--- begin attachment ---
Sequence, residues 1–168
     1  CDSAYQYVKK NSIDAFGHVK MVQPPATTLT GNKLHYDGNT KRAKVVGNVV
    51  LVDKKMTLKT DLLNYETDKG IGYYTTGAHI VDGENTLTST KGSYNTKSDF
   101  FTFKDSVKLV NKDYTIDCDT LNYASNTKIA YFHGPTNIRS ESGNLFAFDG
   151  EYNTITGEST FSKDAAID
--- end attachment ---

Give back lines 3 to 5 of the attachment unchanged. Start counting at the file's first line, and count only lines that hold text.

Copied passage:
    51  LVDKKMTLKT DLLNYETDKG IGYYTTGAHI VDGENTLTST KGSYNTKSDF
   101  FTFKDSVKLV NKDYTIDCDT LNYASNTKIA YFHGPTNIRS ESGNLFAFDG
   151  EYNTITGEST FSKDAAID